We have the technology to cut Sweden's emissions by 30 per cent
Vattenfall's seminar on basic industries is one of the key seminars at Almedalen, according to Minister for Enterprise and Innovation, Mikael Damberg.
Three advances in technology could reduce Sweden's emissions by 30 per cent if the steel and cement industry and the transport sector, in conjunction with Vattenfall, succeed in replacing the current fossil-based technologies with solutions based on climate-smart energy.
"Our basic industries have been somewhat overlooked in the debate around how Sweden is to achieve its target of being climate neutral by 2045. Swedish industry is ideally placed to convert its production to more climate-smart alternatives," said Minister for Enterprise and Innovation, Mikael Damberg, making it clear from the outset that he regarded the seminar on how industry could significantly reduce its environmental impact as one of the key seminars at Almedalen.
The knowledge exists
Mikael Nordlander, Portfolio holder for Research and Development, had first given a brief overview of how the steel, cement and fuel industry could reduce its environmental impact: carbon-free steel production could be a reality if hydrogen produced from green electricity from Vattenfall were to replace coal. Renewable oil could be produced from trees in a process which uses a similar type of hydrogen. And the cement industry could use renewable electricity rather than coal when limestone is heated to produce cement.
"We have the raw materials, the industry and the knowledge. The technology exists but it will take time to put it in place. It won't be easy, it won't all go smoothly and we will have to be patient. But remember: We've managed to land on the moon, and this is far easier than that."
In a better position
Mikael Damberg agreed:
"Sweden is in a better position than most countries to make these technological changes, and things are starting to happen. We often talk about the importance of industry, and we now have the opportunity to secure its future. It's important that we do so."
Vattenfall's CEO Magnus Hall is delighted that both politicians and industry are now jointly beginning to focus on finding solutions to the problems that need to be resolved if the climate targets are to be achieved.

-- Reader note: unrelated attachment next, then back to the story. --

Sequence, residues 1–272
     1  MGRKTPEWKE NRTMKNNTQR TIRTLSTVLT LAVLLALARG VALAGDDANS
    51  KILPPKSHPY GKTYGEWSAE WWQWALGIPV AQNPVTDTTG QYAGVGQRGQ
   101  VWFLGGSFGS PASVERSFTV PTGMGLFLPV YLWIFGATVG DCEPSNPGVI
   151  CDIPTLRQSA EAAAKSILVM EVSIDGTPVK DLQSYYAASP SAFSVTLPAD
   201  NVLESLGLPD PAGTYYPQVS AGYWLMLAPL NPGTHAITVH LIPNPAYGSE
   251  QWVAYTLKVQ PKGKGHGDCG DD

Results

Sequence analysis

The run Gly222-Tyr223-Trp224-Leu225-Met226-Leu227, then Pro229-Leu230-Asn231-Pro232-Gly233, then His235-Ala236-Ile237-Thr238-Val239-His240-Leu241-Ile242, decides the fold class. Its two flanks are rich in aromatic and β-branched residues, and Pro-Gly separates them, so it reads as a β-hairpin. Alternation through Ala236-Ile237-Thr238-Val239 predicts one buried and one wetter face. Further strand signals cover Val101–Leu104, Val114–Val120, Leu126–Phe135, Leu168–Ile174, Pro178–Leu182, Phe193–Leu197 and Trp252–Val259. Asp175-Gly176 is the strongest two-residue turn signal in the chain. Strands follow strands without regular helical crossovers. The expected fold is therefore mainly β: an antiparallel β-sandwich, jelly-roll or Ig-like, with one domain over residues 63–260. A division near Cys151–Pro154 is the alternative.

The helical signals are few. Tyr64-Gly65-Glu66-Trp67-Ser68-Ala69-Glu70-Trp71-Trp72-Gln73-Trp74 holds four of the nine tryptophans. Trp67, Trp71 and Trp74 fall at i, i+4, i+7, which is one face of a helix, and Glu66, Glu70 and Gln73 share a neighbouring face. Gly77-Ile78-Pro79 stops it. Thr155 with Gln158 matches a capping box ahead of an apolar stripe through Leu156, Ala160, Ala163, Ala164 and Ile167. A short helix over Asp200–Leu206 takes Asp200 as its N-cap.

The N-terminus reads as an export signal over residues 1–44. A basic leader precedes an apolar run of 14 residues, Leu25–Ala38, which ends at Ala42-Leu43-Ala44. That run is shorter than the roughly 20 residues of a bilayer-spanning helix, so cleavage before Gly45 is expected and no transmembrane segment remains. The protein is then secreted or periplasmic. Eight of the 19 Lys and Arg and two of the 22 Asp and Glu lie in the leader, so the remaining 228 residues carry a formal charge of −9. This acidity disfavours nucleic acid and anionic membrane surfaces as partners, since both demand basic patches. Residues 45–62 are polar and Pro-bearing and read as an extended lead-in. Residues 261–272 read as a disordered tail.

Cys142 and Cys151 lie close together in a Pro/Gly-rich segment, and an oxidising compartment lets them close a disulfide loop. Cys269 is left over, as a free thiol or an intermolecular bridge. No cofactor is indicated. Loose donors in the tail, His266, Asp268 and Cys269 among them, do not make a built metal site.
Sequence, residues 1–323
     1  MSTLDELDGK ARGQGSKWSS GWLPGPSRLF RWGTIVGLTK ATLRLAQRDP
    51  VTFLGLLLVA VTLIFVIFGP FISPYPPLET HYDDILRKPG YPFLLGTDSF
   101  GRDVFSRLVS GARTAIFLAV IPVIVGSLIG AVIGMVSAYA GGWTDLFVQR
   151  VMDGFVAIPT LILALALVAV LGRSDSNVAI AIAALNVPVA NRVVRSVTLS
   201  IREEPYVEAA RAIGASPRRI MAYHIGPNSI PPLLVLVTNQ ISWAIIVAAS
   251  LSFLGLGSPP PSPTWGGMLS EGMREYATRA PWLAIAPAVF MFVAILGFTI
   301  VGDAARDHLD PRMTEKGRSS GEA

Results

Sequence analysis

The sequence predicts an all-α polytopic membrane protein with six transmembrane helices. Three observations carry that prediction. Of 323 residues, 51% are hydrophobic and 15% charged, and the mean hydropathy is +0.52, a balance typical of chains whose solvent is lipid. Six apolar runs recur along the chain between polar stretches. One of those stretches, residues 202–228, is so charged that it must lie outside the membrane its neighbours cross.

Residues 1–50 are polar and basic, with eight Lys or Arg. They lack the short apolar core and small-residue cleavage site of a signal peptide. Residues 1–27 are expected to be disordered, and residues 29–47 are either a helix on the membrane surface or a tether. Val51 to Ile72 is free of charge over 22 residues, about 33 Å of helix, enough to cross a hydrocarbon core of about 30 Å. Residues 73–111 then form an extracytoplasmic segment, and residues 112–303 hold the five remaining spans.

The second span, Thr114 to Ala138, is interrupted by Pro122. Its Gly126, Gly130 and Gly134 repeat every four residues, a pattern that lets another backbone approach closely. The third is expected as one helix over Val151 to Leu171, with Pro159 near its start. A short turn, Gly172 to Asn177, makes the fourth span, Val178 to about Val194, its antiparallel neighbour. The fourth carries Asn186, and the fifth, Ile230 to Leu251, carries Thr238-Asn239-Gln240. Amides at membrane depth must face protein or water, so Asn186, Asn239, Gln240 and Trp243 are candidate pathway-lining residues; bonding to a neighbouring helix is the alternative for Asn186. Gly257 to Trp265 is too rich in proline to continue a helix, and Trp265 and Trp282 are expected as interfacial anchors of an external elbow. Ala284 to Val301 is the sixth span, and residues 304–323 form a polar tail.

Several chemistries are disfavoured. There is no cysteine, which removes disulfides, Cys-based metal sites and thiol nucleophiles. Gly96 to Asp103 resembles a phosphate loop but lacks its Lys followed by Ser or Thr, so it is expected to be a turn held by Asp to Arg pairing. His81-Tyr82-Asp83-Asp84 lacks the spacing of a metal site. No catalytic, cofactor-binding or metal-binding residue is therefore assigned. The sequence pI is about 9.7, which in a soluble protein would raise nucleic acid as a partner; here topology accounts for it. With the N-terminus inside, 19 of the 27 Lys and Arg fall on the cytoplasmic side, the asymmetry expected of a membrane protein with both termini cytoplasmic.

"The transport and basic industries are major emitters, and electrification can solve many of these problems. We must provide our customers with carbon-free, climate-smart solutions. As time goes on, CO2 emissions will become increasingly unacceptable, and we are in pole position in this regard. If we don't take the opportunity we have at the moment, we will have failed," said Hall.
From top left: Mikael Damberg; minister for Enterprise and Innovation, Mikael Nordlander; portfolio holder for Research and Development at Vattenfall, Magnus Hall; CEO of Vattenfall, Martin Pei; Technical Director at SSAB, and David Kihlberg; Head of Environment, Swedish Society for Nature Conservation.
We must be patient
All members of the panel agreed that patience was required, and that a large number of practical and political solutions were needed if success was to be achieved.
"Provided that the conditions are right, we have a fantastic opportunity to take a real step forward," said Martin Pei, Technical Director at steel company SSAB. But doing all this on an industrial scale also brings with it major challenges on a number of levels. Everything from producing and storing the huge quantity of hydrogen that will be required to making sure that iron and steel production embraces the new way of working," he added.
At the same time, we effectively have no choice but to succeed. Or as David Kihlberg, Head of Environment at the Swedish Society for Nature Conservation, put it in a nutshell:
"The alternative to a fossil-free future is no future at all. And the alternative to fossil-free basic industries is no base industries at all."
Video: Comments about the seminar (in Swedish)